Guzmán Medina, María del Pilar; Saldaña, B.; Bouali, O.; Cámara, L. y Mateos, G.G.
Effect of level of fiber of the rearing phase diets on egg production, digestive tract traits, and body measurements of brown egg-laying hens fed diets differing in energy concentration.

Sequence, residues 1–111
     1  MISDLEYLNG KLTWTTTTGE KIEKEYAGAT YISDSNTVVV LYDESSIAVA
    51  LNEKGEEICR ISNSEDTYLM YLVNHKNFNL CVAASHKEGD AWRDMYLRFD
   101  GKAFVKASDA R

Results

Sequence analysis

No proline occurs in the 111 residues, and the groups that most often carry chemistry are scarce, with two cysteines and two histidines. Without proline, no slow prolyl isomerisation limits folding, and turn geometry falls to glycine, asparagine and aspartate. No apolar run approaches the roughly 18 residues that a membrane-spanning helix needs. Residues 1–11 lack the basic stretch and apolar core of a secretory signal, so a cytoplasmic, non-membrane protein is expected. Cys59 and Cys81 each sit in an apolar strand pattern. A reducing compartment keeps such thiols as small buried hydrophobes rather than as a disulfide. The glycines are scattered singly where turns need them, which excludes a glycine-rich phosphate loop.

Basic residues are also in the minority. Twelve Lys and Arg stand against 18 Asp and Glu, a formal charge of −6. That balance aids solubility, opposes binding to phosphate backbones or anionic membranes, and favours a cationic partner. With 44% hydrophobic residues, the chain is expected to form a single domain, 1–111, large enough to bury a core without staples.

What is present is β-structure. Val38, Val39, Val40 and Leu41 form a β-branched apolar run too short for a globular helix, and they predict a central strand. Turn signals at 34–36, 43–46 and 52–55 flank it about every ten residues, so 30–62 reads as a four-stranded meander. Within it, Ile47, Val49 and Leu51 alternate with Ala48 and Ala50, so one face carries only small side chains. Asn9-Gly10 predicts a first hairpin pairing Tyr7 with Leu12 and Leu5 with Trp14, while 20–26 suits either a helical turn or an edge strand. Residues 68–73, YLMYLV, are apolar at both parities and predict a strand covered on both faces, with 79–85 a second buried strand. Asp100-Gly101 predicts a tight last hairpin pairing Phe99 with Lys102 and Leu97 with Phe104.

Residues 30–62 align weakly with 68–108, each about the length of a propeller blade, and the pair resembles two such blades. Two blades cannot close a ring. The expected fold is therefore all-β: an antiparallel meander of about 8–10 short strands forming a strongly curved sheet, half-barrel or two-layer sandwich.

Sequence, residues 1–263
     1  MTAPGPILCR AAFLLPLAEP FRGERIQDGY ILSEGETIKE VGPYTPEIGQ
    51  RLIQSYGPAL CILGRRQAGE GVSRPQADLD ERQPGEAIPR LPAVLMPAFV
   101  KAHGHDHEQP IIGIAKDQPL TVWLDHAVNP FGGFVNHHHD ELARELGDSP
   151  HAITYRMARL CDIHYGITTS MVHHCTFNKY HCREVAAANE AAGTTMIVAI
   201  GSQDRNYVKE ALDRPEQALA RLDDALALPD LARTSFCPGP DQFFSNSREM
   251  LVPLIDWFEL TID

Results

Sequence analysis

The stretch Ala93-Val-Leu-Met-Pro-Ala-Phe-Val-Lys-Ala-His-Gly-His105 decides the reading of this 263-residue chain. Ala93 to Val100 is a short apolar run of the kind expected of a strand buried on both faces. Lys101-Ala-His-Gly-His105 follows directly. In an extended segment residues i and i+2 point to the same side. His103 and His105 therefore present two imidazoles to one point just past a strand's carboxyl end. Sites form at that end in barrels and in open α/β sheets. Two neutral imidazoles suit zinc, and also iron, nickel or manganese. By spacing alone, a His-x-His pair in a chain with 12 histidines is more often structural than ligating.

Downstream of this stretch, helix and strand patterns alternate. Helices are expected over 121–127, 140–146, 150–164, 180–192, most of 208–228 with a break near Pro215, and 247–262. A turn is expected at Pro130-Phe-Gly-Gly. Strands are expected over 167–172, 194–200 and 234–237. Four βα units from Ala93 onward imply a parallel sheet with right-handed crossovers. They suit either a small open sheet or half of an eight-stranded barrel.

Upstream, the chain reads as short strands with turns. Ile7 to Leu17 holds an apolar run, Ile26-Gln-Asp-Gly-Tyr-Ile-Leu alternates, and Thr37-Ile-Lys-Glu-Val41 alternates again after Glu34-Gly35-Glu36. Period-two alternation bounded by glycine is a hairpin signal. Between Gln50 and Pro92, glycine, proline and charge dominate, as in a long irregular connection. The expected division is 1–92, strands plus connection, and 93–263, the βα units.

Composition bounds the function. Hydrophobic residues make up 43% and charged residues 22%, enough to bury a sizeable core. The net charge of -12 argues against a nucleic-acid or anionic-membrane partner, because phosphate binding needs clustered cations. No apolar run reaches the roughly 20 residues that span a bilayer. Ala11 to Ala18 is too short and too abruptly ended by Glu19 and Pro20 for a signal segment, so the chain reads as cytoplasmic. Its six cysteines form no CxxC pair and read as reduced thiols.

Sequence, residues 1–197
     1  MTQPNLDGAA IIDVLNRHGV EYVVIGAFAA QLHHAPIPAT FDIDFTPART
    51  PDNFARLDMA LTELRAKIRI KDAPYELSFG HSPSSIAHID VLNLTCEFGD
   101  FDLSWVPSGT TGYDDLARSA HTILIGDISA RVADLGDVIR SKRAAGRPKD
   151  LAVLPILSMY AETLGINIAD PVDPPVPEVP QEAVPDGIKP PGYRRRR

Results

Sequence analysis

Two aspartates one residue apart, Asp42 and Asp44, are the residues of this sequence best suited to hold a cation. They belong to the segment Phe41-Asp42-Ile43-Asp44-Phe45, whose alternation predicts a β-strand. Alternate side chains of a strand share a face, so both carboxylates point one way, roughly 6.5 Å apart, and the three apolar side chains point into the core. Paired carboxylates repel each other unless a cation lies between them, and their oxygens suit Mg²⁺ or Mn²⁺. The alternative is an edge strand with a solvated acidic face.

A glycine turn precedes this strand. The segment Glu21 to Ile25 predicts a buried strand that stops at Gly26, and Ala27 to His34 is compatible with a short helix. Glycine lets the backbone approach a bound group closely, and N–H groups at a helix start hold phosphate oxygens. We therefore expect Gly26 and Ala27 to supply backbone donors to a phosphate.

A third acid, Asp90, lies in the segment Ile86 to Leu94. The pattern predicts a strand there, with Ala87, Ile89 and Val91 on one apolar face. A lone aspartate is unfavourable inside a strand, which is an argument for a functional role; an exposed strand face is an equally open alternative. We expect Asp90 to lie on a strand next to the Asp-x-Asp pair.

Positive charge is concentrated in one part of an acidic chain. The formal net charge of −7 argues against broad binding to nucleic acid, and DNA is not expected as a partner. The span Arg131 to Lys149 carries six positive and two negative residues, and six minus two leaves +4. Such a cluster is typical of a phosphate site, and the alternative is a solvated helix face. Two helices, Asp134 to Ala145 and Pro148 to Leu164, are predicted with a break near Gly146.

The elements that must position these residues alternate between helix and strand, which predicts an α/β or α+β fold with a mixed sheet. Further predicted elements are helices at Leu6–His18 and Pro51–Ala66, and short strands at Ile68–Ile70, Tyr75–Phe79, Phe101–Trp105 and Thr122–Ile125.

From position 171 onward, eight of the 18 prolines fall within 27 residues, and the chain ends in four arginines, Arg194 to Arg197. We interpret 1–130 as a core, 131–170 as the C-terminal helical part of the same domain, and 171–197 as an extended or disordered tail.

This research studied the effects of additional fiber in the rearing phase diets on egg production, gastrointestinal tract (GIT) traits, and body measurements of brown egg-laying hens fed diets varying in energy concentration from 17 to 46 wk of age. The experiment was completely randomized with 10 treatments arranged as a 5 × 2 factorial with 5 rearing phase diets and 2 laying phase diets. During the rearing phase, treatments consisted of a control diet based on cereals and soybean meal and 4 additional diets with a combination of 2 fiber sources (cereal straw and sugar beet pulp, SBP) at 2 levels (2 and 4%). During the laying phase, diets differed in energy content (2,650 vs. 2,750 kcal AMEn/kg) but had the same amino acid content per unit of energy. The rearing diet did not affect any production trait except egg production that was lower in birds fed SBP than in birds fed straw (91.6 and 94.1%, respectively; P < 0.05). Laying hens fed the high energy diet had lower feed intake (P < 0.001), better feed conversion (P < 0.01), and greater BW gain (P < 0.05) than hens fed the low energy diet but egg production and egg weight were not affected. At 46 wk of age, none of the GIT traits was affected by previous dietary treatment. At this age, hen BW was positively related with body length (r = 0.500; P < 0.01), tarsus length (r = 0.758; P < 0.001), and body mass index (r = 0.762; P < 0.001) but no effects of type of diet on these traits were detected. In summary, the inclusion of up to 4% of a fiber source in the rearing diets did not affect GIT development of the hens but SBP reduced egg production. An increase in the energy content of the laying phase diet reduced ADFI and improved feed efficiency but did not affect any of the other traits studied.